C# stuff nobody told you – enum is a b*tch!

New year, new me… Just kidding, no running or yoga plans, but I decided to have a (temporary) break with ‘C# attributes you should know’ series and start with a brand new one – C# facts that somehow surprised me. For the first article, I will show you how (friendly looking, always helpful, good guy) enum can become an asshole. An asshole who will steal your precious time!

One enum value passed to a method, other value received! What’s goin’ on?

My colleague asked me recently to have a look with ‘a fresh eye’ at some code. The situation was strange… We have a method that takes our enum as a parameter and processes it somehow. We passed as a parameter OurEnumType.ValueY but in the method’s body, parameter had value OurEnumType.ValueX. Strange, isn’t it?

To fully understand the situation, have a look at the method below. It just reads the enum description straight from the [Description] attribute. No magic included, so don’t over analyze it ?.

public static void ShowEnumLabel(Animals val)
   Type type = val.GetType();
   string name = Enum.GetName(type, val);
   if (name != null)
      var field = type.GetField(name);
      if (field != null)
         if (Attribute.GetCustomAttribute(field,
            typeof(DescriptionAttribute)) is DescriptionAttribute attr)
   Console.WriteLine("No matching label!");

And this is how we use this method:


The expected result was Description attribute for Animals .Cat shown on the console, right?
Unfortunately, in the console window, we can see Animals.Dog description (!!!).

If you still don’t have any suspicion what’s going on, let me show you some more code…

public enum Animals
   [Description("Tweet tweet! Bird here!")]
   Bird = 1,

   [Description("Bark bark! Guess what? Dog here!")]
   Dog = 2,

   //... More and more values here...

   [Description("Meow! Cat here!")]
   Cat = 2,

   [Description("Whatzzzzzzz up! Mouse here!")]
   Mouse = 100,

Do you see, where is the catch? ?

Two enum values with the same value!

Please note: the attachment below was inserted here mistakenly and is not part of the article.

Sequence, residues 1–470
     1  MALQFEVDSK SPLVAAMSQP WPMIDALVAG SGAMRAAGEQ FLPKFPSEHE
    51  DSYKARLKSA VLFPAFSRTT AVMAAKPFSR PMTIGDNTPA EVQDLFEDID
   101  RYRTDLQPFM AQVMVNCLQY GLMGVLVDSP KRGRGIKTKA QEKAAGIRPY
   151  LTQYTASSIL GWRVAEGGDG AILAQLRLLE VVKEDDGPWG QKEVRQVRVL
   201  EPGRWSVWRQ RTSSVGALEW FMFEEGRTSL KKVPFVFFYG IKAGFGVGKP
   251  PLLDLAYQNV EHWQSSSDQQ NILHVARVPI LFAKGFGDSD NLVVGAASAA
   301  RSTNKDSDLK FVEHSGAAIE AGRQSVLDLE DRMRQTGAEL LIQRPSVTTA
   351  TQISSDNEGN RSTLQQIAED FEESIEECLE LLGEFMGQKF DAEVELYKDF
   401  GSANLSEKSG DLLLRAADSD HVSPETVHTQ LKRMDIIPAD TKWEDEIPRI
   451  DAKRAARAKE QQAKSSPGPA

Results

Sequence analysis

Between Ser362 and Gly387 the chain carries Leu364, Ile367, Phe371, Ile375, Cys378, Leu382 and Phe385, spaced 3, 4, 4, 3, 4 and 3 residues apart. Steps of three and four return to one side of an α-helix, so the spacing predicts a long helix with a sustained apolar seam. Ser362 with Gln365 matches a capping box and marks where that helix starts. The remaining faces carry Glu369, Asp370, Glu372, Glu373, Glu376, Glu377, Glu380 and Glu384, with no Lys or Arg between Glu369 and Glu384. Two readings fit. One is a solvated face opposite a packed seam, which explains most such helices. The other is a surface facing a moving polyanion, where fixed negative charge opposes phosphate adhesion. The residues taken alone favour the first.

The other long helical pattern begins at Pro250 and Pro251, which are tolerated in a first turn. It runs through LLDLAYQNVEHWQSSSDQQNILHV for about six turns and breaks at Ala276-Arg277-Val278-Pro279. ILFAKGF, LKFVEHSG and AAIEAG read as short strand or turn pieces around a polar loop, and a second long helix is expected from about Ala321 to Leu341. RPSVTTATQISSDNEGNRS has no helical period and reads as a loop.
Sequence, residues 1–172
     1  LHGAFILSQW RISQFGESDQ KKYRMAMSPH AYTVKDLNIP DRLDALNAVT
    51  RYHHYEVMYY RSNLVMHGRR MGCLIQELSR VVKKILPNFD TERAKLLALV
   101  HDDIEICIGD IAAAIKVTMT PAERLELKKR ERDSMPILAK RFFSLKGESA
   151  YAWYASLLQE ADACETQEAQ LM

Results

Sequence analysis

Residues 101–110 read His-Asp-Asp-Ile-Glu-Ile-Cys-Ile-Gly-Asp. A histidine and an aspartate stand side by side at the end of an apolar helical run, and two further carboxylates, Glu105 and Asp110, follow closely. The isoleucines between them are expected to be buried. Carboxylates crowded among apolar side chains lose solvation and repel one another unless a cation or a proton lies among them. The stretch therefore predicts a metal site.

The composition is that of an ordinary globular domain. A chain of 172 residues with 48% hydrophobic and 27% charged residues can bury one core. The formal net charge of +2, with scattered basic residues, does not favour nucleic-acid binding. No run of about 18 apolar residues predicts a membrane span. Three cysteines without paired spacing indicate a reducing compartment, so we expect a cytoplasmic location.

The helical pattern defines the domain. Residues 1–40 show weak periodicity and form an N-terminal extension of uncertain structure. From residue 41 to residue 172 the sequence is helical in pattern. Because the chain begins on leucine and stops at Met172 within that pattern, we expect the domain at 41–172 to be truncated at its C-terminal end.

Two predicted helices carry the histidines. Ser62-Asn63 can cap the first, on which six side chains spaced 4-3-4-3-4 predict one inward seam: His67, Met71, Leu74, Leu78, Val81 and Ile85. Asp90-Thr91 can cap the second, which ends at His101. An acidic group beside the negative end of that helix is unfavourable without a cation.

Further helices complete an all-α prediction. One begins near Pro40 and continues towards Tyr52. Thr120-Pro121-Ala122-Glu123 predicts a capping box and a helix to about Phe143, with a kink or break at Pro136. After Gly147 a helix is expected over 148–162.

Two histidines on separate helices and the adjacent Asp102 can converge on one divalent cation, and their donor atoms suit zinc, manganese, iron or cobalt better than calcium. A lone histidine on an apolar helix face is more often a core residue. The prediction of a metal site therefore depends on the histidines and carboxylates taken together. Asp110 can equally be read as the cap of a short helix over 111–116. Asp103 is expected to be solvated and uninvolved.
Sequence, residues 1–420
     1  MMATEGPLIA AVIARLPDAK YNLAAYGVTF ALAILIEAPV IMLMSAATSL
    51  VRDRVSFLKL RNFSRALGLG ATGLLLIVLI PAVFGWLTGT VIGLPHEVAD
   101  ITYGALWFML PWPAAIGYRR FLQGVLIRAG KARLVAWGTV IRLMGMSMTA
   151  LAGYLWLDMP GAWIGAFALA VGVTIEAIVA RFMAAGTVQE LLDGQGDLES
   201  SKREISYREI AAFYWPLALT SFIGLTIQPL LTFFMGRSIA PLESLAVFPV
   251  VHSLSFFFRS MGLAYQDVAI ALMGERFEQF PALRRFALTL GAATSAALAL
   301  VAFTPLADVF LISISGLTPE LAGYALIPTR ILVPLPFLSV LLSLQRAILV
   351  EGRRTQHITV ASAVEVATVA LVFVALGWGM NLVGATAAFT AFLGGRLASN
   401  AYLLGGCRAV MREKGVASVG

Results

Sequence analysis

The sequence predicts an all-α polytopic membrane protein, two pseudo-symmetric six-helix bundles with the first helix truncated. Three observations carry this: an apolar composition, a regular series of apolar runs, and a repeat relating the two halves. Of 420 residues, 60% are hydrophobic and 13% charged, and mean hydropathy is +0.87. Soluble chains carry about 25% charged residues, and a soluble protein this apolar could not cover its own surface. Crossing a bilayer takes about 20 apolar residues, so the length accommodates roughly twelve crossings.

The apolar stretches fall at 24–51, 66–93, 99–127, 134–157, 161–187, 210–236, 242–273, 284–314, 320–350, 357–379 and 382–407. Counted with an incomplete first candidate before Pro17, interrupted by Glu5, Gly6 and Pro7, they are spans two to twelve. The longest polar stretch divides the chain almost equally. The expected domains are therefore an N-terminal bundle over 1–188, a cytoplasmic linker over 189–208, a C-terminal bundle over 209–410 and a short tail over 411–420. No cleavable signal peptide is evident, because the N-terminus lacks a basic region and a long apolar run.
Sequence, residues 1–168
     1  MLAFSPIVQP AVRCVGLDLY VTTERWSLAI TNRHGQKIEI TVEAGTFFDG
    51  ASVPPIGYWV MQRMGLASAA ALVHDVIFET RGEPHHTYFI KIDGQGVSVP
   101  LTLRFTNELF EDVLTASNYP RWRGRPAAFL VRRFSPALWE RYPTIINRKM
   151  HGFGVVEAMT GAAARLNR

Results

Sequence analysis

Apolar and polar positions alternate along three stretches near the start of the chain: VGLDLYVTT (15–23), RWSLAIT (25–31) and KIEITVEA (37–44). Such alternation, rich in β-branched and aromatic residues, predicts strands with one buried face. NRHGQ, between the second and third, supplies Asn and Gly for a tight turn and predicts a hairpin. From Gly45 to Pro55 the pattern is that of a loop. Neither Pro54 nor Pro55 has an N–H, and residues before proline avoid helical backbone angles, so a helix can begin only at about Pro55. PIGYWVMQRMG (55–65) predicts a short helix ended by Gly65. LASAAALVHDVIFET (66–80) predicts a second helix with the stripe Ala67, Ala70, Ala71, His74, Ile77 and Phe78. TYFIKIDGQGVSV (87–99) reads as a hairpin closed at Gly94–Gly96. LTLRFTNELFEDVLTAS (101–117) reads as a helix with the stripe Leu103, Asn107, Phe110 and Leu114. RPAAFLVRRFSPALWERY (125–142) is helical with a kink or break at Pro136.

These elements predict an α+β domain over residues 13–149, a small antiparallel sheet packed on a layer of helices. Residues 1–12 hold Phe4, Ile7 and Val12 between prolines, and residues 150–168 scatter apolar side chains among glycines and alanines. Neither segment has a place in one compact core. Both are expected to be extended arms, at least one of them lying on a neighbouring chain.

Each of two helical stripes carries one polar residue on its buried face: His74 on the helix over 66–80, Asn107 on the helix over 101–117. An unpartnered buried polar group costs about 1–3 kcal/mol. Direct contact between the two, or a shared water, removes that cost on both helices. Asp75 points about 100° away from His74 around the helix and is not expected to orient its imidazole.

Exactly! Dog and Cat have both numeric value equal 2.

Why does this code even compile!? Visual Studio should return some nice error and stop the author from creating this nonsense! But it didn’t! There are no errors! Even no warnings! Or messages. Absolutely nothing, the code is clean, according to the VS.

But is it even legal? Actually, yes. The question should be ‘Why is it permitted?’.
Well, we have to go deep down, on the C# bottom, when strange creatures swim…

…or just open Visual Studio’s Object Browser tab in our project and check what our Animal enum really is. Because things never are what they seem to be ?.

Wait a second… Is enum a class?

Not exactly. Neither is it a struct. So, what is it? Right now, enum appears to me as something between a struct and a class. We could use a struct with public constant members to mimic an enum. In our example, it would look like this:

public struct AnimalStruct
   public const int Bird = 1;
   public const int Dog = 2;
   public const int Cat = 2;
   public const int Mouse = 4;

public static void ShowEnumLabel(int val)

Calling ShowEnumLabel method would be similar to the previous version:


But… A struct cannot inherit a class, right? And in Object Browser we see, our Animal type inherits System.Enum.

Sooo, maybe enum is a class? Nope! After all, it’s a value type (if you want to pass null to our method ShowEnumLabel, val parameter has to be nullable – Animal? val).

So, what the heck enum is?

Well, nobody knows ?. Probably even in Microsoft they forgot it. And when two of Microsoft programmers meet at the corridor, they don’t talk about it, hoping nobody will ever ask what enum is.

But it’s safer to think about enum as something between a class deriving from System.Enum and a struct with public constant values. You may wonder (of course you are!) why I wrote ‘It is safer’… Because when we treat our friendly looking, old friend enum as a struct (or a class), we remember, this nasty creature can have members with duplicated values. And this way we avoid the situation when the below equitation returns true:

Animals.Cat == Animals.Dog

If this (much too long, I know!) article seems to be just a boring anegdote, think for the moment of the below mistake, that could happen to anybody:

public enum BankOperationType
   Deposit = 1,
   Withdrawal = 1

And right now, the only way to avoid this situation, IMO, is to stop setting numeric values to enum members. But sometimes you really need them :(.
Anyway, have a nice coding! And never ever trust enum! 😉


Photo of  a sea devil – by Jakob Owens on Unsplash
Featured Photo by Daniel Frank on Unsplash

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